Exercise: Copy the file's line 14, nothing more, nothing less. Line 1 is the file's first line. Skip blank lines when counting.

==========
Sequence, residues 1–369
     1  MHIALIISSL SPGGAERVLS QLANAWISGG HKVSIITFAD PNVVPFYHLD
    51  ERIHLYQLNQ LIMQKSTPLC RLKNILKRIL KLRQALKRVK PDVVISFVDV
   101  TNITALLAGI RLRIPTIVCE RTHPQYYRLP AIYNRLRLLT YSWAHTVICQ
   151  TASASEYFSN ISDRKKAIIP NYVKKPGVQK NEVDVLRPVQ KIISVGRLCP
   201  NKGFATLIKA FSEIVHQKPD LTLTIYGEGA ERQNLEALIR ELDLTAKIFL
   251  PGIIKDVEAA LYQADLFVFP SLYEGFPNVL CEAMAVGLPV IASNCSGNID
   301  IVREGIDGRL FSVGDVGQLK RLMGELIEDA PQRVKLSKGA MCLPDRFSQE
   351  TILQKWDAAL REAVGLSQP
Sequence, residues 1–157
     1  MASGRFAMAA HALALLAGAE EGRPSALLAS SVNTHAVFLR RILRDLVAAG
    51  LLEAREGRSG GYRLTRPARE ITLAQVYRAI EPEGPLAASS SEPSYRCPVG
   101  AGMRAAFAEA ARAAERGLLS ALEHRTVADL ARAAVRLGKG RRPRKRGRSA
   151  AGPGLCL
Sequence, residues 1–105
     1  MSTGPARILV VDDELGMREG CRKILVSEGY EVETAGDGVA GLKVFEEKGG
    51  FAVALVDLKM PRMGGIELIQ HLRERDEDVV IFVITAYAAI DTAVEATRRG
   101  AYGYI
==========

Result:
   151  AGPGLCL